Common Data Discrepancies

There are few things more alarming as a marketer or business owner than questioning the integrity of your data. In a data-driven world it’s imperative to know the sources of your information and insights are credible. Trying to make important decisions with seemly mismatch data can rattle even most seasoned stakeholders. Thankfully, in most cases, additional context is all that’s needed to understand common inconsistencies.

Here’s some common data discrepancy questions that come up related to Google Analytics and Search Console to be aware of –

How do I have more New Users than Users?

The very first thing I noticed about the data reported in GA4 was that New Users were higher than Users – and sometimes by a larger margin than I was comfortable with. Some GA4 users even report seeing New Users reporting 8x higher than Users.

The reason many GA4 properties are reporting New Users as higher than Users is because the way the metrics are calculated. At midnight, each User engaging with the site becomes a New User despite not being counted again as a user.

It’s likely your website receives a lot of late-night traffic if you’re seeing the New User metric reported much higher than Users. While irritating, there isn’t any cause for alarm. The disparity between the metrics can be disconcerting, but the exact number of Users or New Users is rarely if ever the essence of any critical decision. In most cases it’s best to use these metrics directionally (i.e., are they going up or down) to help base decisions.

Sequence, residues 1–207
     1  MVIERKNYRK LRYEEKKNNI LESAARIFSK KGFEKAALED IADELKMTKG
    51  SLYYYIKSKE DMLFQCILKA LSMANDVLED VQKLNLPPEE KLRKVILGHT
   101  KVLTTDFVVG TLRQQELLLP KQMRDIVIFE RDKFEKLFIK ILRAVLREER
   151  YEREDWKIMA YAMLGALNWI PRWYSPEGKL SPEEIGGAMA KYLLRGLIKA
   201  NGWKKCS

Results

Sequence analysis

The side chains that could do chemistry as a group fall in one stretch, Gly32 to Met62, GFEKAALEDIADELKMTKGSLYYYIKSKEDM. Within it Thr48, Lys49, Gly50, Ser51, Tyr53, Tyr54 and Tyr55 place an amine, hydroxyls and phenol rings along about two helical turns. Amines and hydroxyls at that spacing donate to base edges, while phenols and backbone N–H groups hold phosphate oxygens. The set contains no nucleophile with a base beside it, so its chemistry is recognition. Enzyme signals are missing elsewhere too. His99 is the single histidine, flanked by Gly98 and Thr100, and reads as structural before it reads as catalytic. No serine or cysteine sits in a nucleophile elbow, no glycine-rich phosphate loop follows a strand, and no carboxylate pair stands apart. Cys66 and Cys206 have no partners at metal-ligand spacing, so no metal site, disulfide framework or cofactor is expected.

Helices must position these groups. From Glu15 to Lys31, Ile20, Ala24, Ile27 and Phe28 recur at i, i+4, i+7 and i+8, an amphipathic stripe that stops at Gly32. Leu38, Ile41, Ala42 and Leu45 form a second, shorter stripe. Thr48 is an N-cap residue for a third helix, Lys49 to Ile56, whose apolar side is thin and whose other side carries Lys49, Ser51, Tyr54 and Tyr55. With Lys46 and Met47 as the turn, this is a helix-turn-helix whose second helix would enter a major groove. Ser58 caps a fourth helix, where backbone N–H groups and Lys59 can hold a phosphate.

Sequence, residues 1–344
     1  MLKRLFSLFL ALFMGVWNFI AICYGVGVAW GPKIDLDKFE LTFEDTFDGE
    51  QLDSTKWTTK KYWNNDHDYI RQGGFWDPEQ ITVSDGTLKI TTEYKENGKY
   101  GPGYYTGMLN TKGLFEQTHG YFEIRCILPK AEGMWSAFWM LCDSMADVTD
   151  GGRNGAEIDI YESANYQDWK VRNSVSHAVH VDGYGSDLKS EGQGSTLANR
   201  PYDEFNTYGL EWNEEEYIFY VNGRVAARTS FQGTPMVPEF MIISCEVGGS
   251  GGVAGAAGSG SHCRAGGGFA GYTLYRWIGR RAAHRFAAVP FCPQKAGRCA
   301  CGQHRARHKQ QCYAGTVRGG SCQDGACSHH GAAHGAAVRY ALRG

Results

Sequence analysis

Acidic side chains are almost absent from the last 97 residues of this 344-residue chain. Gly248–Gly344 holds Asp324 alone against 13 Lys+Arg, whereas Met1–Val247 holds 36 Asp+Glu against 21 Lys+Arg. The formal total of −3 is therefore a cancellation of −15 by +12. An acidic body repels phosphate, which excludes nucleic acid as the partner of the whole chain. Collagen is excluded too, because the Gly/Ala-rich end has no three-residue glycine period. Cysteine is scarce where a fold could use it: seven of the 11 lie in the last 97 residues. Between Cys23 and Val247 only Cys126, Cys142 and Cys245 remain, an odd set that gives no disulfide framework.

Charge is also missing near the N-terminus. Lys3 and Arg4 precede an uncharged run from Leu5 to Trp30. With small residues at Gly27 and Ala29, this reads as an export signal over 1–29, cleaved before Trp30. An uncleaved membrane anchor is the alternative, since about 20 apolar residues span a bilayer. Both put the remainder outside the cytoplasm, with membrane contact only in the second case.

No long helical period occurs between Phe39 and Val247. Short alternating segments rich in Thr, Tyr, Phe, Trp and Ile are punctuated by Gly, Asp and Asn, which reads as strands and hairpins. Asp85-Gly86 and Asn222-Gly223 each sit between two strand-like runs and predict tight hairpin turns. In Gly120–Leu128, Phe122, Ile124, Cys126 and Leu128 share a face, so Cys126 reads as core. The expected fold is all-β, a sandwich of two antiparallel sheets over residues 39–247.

Why are my conversions in Google Ads different from Google Analytics?

Conversions between Google Ads and Google Analytics 4 will rarely if ever be the same because the two platforms attribute conversions differently. Google Ads uses the last ad click and GA4 uses the last click across all marketing channels. In addition, Google Ads reports the conversion against the date/time of the click and GA4 uses the date/time of the conversion itself.

This can be incredibly confusing for business owners and marketers who aren’t familiar with these nuances. And questions frequently arise since the data is often shared between platforms and reported side-by-side.

Why are my organic clicks different than my organic visits in GA4?

Throughout my career I’ve had a number of stakeholders get hung up on the fact the clicks (as reported by Google Search Console) are virtually always different than organic visits reported by Google Analytics (or another web analytics platform like Adobe Analytics).

On the surface the data collection seems simple enough – a user clicks your organic listing and becomes a visitor on the website with their acquisition channel attributed to organic search. So why wouldn’t the metrics be the same? Some of the most common reasons are:

  • A user stops a page from loading or closes their browser after clicking
  • Users may click an organic listing, visit the website and then return later
  • A user can click on the same organic listing multiple times and still only be counted as a single visit
  • Google may filter out invalid clicks or sample data differently between platforms

Most of the above is also applicable to paid search clicks and visits as well.


Data discrepancies can be confusing, irritating and sometimes scary until you understand the underlying cause. Working with a professional could be beneficial if you’re having a tough time navigating through confusing data. Contact us today for a free quote.

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